Cypriot and Greek travel agents have been working on a joint proposal to submit to their respective governments that aims to restart tourism once conditions allow.
The Association of Cyprus Travel Agents (Acta) and their Greek counterpart Hatta held a teleconference in which they discussed the possibility of opening up tourism between the two countries as soon as it is deemed safe to do so.
As both Cyprus and Greece are amongst the countries in Europe that have best managed to contain the coronavirus, the idea behind the proposal is to encourage tourists from both countries to visit each other, as explained by the president of Acta Vasilis Stamataris.
“We want people to start thinking what their next destination will be,” Stamataris told Cyprus Mail. “And, considered the proximity between Greece and Cyprus, not just in terms of distance, but also in terms of language, culture and history, I think the tourism industry will benefit from the potential boost that the proposal can give.”
Stamataris said that, in order for the proposal to be appealing to tourists, naturally the prices should be competitive as well.
“The idea behind this proposal is to offer potential tourists the most convenient packages possible,” Stamataris said. “We are already in talk with several airlines and hotels who have agreed to be included in this initiative.”
Stamataris admitted that, even if the proposal was accepted by both governments, it would be nearly impossible to fill up hotels from the beginning.
“We have to be realists, this initiative aims to reboot the tourism industry, but it will still suffer big losses this year. However, we want to send a positive message and I think it’s about time that people need a distraction and something to look forward to after months of uncertainty and fear.”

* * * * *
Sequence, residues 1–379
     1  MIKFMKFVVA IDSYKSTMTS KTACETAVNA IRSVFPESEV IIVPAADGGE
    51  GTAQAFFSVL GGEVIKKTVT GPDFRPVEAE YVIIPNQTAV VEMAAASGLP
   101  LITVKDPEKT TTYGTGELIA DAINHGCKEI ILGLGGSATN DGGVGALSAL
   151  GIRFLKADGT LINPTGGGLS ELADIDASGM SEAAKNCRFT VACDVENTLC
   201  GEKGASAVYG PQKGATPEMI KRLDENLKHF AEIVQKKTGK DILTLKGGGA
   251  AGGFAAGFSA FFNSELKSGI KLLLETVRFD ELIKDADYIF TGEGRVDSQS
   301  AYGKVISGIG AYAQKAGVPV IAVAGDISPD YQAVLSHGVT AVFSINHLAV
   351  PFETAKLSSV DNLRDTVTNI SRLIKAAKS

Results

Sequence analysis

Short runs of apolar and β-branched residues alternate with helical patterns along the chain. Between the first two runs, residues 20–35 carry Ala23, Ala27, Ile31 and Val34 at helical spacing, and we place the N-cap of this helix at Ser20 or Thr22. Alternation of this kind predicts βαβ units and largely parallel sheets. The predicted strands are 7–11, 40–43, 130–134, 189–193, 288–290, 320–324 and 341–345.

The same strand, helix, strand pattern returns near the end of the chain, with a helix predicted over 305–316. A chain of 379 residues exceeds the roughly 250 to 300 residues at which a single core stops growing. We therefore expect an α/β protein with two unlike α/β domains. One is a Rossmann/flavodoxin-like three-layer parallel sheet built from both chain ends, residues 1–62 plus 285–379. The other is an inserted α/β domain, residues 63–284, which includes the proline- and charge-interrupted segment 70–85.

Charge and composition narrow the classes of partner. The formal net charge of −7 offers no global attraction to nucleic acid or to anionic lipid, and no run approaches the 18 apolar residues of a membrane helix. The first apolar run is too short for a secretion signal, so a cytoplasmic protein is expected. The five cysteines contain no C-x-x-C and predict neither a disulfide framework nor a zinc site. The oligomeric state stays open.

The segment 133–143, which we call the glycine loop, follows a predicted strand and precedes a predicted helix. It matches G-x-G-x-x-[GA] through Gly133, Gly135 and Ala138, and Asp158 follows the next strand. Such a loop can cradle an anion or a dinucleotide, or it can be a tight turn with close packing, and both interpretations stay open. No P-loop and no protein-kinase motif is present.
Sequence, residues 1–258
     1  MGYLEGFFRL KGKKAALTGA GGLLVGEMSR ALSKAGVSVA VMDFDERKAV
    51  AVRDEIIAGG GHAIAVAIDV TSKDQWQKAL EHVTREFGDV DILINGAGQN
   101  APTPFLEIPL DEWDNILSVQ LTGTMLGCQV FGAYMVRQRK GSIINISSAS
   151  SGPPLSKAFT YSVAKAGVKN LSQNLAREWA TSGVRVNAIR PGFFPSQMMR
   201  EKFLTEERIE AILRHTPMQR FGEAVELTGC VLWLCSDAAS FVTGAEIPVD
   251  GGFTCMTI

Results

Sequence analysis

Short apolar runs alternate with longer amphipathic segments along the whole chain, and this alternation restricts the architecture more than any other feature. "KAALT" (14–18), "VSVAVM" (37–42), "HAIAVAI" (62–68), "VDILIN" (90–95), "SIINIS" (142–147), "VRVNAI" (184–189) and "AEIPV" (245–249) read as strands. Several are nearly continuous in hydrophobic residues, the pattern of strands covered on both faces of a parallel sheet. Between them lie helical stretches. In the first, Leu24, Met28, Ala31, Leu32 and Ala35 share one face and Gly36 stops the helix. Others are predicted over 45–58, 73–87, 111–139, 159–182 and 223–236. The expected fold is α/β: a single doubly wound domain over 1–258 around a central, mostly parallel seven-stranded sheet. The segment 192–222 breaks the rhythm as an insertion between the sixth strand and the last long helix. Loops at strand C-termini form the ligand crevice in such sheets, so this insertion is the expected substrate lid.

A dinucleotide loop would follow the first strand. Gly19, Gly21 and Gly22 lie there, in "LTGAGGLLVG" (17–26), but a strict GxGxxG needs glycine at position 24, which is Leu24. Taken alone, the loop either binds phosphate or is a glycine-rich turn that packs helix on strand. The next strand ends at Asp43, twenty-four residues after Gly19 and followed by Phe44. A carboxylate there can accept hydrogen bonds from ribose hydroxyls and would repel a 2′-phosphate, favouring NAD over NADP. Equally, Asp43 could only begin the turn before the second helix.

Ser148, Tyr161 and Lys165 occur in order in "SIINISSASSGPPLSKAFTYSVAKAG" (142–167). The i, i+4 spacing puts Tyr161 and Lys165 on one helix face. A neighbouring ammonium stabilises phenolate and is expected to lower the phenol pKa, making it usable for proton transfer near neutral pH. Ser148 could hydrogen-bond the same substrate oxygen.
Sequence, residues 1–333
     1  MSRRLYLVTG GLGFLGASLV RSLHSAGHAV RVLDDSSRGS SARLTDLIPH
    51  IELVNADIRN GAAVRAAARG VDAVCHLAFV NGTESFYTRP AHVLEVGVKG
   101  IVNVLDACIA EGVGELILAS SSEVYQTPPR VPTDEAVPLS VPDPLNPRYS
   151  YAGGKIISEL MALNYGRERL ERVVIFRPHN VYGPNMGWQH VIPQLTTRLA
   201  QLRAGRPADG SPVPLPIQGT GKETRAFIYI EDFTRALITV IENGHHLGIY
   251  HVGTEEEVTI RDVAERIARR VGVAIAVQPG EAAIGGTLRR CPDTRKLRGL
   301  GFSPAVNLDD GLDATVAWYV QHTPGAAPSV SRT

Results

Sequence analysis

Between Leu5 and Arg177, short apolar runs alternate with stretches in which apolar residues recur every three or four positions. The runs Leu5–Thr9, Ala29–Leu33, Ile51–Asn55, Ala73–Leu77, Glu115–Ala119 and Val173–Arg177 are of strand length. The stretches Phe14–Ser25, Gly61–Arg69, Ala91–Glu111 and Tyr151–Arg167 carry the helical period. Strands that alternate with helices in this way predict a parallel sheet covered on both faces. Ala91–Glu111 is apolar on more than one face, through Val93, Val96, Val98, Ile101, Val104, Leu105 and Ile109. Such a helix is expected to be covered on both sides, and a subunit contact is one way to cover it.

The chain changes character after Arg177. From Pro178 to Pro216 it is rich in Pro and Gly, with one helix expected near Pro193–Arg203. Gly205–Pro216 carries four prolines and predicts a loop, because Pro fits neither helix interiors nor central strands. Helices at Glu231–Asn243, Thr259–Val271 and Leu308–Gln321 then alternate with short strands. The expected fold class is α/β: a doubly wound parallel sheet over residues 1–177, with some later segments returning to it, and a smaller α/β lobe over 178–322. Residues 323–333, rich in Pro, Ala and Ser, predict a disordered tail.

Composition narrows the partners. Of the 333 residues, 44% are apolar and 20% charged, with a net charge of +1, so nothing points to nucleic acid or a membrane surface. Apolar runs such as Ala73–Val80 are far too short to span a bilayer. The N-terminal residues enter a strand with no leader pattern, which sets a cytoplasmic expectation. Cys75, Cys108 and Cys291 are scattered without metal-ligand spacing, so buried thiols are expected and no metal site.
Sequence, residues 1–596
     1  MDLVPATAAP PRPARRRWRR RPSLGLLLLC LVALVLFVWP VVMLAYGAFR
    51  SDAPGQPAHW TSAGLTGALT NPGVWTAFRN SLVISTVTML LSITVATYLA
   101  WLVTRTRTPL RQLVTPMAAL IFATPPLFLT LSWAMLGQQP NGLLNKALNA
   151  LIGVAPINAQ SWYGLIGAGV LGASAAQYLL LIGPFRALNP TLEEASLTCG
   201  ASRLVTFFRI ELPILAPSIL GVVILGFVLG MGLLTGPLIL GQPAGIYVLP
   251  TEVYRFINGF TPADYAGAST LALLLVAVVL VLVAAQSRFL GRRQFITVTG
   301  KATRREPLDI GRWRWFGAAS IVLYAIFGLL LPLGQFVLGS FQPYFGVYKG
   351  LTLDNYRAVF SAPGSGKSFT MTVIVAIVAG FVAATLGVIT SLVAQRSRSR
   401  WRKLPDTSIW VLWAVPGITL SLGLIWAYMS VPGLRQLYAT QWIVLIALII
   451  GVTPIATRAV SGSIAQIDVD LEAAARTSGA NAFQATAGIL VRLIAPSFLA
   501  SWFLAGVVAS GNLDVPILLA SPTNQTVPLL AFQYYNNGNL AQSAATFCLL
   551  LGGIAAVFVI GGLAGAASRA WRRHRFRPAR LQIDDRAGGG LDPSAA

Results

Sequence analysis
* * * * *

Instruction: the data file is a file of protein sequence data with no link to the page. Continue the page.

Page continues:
The proposal, however, will only become a reality once the government reopens the airports, so there is still no clear timeline for its implementation. Ideally, Acta would like for it to become a reality around mid-May as airlines are eager to start operating even sooner that that, Stamataris said.
“Nevertheless, we cannot decide on this, it will be the government scientific committee’s responsibility to inform us when it will be safe to travel again. But we want to have a head start once we have the green light,” he added.
The move was welcomed by the Cyprus-Greece business association, which said the exchange of tourists was a very positive step in efforts to handle the heavy repercussions the pandemic has had on the tourism industry.
The association suggested that both countries could cover part of their losses from tourism if they managed to offer attractive incentives to their citizens to visit the each other’s countries over the summer.
Meanwhile, the Association of Cyprus Tourist Enterprises (Stek), which represents the island’s four and five-star hotels sent a letter to the government on Tuesday with its suggestions on the re-opening of tourism.
Stek’s called for a unified European policy for the industry, urging the implementation of a “health passport” as a way to monitor the possible spread of coronavirus.
Finally, it reiterated the importance of introducing a state subsidy for the industry, “which has suffered incalculable losses and will need to rely on the state in order to get back to being a key asset for the country.”
The World Health Organisation said this week that some governments had suggested that the detection of antibodies to Covid-19, could serve as the basis for an “immunity passport” or “risk-free certificate” that would enable individuals to travel or to return to work assuming that they are protected against re-infection. “There is currently no evidence that people who have recovered from Covid-19 and have antibodies are protected from a second infection,” the WHO said.
“At this point in the pandemic, there is not enough evidence about the effectiveness of antibody-mediated immunity to guarantee the accuracy of an “immunity passport” or “risk-free certificate.” People who assume that they are immune to a second infection because they have received a positive test result may ignore public health advice. The use of such certificates may therefore increase the risks of continued transmission.”
Billionaire Bill Gates, who is in partnership with the vaccine alliance Gavi, said recently: “Every additional month that it takes to get the vaccine is a month when the economy cannot return to normal.”